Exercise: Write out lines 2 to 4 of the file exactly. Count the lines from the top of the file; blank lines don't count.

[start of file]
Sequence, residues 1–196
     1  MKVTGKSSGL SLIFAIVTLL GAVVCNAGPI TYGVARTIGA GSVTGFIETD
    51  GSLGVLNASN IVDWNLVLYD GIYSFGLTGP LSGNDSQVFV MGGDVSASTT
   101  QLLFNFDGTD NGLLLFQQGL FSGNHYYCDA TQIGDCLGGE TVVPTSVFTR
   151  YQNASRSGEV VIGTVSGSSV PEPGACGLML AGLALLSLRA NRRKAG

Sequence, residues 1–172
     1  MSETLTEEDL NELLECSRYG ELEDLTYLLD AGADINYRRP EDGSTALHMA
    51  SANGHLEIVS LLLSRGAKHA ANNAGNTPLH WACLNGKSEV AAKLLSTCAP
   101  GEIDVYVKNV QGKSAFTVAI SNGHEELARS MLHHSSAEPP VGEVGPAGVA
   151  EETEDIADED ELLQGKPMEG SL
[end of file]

     1  MKVTGKSSGL SLIFAIVTLL GAVVCNAGPI TYGVARTIGA GSVTGFIETD
    51  GSLGVLNASN IVDWNLVLYD GIYSFGLTGP LSGNDSQVFV MGGDVSASTT
   101  QLLFNFDGTD NGLLLFQQGL FSGNHYYCDA TQIGDCLGGE TVVPTSVFTR